22 episodes

"You Said What?" is a new podcast about our life-changing communications moments. If someone asked you: What are the most memorable conversations or written interchanges you’ve ever had—what would you say? In every episode, we will hear from a guest who has an unforgettable interaction to share. We spend big chunks of our days communicating with other people, and with most of those interactions, we can't remember them from one week to the next. We’ll find out what was different about these communications moments and why they had such a lingering effect on our guests. Even if you’re not into the art of communicating, we’ll entertain you with great stories! The goal of every episode is to make you think a bit more about how you write, talk, share and listen.

You Said What‪?‬ Ernie Sander

    • Society & Culture
    • 5.0 • 12 Ratings

"You Said What?" is a new podcast about our life-changing communications moments. If someone asked you: What are the most memorable conversations or written interchanges you’ve ever had—what would you say? In every episode, we will hear from a guest who has an unforgettable interaction to share. We spend big chunks of our days communicating with other people, and with most of those interactions, we can't remember them from one week to the next. We’ll find out what was different about these communications moments and why they had such a lingering effect on our guests. Even if you’re not into the art of communicating, we’ll entertain you with great stories! The goal of every episode is to make you think a bit more about how you write, talk, share and listen.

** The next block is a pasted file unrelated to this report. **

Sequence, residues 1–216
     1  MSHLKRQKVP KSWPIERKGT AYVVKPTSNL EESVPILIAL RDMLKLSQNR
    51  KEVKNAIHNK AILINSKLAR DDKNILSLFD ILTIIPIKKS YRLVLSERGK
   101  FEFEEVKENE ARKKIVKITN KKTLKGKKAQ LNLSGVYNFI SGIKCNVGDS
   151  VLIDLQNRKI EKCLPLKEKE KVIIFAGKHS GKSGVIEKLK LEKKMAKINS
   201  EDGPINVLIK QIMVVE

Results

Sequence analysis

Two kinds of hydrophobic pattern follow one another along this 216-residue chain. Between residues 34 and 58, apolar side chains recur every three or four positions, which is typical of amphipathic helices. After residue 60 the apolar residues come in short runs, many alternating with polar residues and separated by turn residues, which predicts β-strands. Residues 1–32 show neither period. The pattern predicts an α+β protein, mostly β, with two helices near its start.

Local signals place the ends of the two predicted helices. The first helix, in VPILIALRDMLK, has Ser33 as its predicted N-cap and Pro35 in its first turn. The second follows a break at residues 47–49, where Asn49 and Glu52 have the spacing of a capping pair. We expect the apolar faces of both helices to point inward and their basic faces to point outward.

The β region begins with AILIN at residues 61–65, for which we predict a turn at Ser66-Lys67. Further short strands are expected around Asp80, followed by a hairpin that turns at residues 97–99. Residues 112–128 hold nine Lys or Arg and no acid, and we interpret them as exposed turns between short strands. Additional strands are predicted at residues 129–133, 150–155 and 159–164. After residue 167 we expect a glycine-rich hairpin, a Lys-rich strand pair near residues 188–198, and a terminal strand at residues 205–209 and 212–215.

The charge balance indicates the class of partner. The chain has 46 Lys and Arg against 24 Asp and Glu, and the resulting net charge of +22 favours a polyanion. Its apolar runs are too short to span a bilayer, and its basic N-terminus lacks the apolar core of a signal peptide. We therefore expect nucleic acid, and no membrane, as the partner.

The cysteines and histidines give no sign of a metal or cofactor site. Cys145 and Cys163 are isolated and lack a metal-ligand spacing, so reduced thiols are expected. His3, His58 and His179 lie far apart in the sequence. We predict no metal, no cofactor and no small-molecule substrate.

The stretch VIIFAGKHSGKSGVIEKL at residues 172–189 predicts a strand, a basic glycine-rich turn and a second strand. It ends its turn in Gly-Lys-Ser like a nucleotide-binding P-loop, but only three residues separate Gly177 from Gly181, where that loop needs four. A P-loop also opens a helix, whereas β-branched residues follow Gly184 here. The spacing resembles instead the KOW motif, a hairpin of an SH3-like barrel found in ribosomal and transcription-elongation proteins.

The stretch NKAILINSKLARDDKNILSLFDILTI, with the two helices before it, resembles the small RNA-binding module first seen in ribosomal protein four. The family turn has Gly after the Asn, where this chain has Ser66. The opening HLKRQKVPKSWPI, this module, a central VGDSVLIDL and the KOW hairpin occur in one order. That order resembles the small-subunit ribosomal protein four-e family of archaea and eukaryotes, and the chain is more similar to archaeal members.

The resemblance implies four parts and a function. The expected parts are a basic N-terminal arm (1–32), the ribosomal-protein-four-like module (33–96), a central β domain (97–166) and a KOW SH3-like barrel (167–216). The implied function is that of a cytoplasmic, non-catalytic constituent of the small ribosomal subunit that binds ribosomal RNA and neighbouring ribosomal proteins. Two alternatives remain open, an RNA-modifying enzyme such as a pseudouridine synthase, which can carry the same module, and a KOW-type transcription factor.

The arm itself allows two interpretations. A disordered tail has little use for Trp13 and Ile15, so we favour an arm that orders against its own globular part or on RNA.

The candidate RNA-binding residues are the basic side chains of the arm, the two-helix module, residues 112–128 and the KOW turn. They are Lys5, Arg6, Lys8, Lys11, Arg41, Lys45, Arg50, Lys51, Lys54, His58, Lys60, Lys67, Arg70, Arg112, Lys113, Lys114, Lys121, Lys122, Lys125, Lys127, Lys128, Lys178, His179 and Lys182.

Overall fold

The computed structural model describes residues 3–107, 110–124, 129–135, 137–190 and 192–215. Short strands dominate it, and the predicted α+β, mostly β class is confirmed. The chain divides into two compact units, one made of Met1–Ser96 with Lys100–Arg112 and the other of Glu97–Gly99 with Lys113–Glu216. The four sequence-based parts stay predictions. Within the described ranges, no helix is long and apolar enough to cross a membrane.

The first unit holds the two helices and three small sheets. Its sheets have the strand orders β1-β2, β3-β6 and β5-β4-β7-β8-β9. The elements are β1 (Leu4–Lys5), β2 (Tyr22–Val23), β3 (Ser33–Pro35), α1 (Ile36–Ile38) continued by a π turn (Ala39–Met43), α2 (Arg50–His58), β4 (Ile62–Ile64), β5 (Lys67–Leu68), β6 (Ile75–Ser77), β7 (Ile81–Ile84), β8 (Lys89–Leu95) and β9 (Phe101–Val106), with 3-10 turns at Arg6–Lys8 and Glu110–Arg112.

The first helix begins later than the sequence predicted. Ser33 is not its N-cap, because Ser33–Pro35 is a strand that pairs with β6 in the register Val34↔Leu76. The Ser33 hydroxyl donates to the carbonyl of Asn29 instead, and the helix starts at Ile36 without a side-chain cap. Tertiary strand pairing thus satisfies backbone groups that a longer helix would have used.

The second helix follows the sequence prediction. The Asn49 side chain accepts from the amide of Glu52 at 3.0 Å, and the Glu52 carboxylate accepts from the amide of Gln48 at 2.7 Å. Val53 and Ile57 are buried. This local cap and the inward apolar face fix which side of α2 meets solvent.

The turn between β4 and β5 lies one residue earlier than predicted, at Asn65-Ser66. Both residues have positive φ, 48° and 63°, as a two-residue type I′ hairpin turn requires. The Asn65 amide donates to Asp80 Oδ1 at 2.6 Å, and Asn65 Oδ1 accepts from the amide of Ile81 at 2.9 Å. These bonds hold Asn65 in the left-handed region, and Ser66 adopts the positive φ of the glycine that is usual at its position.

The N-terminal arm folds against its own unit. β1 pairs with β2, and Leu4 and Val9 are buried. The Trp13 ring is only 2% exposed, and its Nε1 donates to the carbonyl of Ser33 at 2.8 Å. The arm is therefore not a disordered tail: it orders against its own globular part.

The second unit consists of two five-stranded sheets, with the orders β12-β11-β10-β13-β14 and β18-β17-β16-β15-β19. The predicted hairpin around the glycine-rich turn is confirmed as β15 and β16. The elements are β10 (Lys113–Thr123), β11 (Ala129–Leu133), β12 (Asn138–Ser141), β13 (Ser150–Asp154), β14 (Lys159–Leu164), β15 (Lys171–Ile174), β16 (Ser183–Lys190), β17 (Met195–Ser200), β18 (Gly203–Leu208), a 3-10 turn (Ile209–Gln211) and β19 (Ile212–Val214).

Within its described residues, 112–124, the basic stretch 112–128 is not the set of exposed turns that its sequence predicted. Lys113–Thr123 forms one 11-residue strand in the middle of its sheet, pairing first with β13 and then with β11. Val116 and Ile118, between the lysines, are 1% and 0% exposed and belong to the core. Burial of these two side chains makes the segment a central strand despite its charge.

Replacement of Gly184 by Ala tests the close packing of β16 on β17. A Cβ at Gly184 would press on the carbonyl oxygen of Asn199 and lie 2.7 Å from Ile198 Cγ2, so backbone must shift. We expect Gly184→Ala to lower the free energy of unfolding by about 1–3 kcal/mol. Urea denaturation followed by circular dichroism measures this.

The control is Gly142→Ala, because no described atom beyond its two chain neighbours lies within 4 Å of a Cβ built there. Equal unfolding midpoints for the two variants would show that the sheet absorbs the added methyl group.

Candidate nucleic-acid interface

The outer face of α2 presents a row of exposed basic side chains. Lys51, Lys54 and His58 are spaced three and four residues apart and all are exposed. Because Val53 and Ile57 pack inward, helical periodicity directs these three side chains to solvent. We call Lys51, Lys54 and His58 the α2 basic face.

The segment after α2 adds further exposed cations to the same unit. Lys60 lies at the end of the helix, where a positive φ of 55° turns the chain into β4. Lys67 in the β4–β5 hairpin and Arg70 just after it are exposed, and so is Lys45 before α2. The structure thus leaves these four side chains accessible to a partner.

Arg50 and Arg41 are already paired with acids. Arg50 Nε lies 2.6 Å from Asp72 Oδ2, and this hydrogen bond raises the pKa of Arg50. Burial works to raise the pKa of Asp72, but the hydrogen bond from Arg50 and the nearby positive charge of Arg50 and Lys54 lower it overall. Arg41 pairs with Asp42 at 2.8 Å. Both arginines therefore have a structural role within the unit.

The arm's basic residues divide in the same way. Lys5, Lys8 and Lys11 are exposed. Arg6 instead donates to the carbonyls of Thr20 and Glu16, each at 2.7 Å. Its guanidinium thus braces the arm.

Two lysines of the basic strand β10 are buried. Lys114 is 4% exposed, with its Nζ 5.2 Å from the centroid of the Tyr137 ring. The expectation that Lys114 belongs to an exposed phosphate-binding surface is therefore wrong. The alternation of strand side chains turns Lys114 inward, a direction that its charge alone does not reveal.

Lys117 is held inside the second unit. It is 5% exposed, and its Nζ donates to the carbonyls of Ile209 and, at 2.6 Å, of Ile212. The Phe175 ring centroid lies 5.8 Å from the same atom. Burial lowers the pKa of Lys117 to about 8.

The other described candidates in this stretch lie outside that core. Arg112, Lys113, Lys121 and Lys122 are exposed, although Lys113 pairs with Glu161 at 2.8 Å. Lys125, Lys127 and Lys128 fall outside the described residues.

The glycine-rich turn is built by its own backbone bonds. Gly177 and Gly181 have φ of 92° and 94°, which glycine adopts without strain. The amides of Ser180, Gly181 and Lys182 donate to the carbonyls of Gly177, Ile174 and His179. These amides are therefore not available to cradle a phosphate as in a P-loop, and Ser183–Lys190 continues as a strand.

Season 2, Episode 9: "The Laptop Was Burning Through My Suit Pants’"

    Season 2, Episode 9: "The Laptop Was Burning Through My Suit Pants’"

    Most people think speech writing is about helping speakers decide what to say. But it’s also about helping them know what NOT to say. Pete Weissman worked with Al Gore on a speech when the former vice president was considering a second run for the Oval Office. Through that experience, he learned the art of diplomatically rejecting an idea from someone much more powerful than him. In this episode, Pete and I also talk about some of the things— big and small—that are often overlooked but that can make or break a successful speech. For all the changes over the years in how we communicate, it still all comes down to connecting with your audience. And too frequently, Pete says, we try to create one-size-fits-all presentations rather than design them with the actual audience in mind. 

    • 35 min
    Season 2, Episode 8: "Don’t Let People Tell You What to Do"

    Season 2, Episode 8: "Don’t Let People Tell You What to Do"

    How comfortable are you with risk? When you’ve got one safe option and another, more precarious but potentially exhilarating one --which do you usually choose? Adam Najberg always wanted to be a foreign correspondent in China, but he had lots of debt and no job lined up there. Then one day, he met a hero of his -- arguably the most famous China correspondent of all time--who told him: ‘Just go. Don’t think about it.’ So he did. It turned into a 30-year career in Greater China. In this episode, Adam and I talk about how easy it is to overthink things and to fixate on practical matters when dreams are at stake. Adam has gone on to work for some of China’s biggest tech companies, and he and I also discuss how that’s different from working for a U.S. company.

    • 32 min
    Season 2, Episode 7: "The Importance of Small Talk"

    Season 2, Episode 7: "The Importance of Small Talk"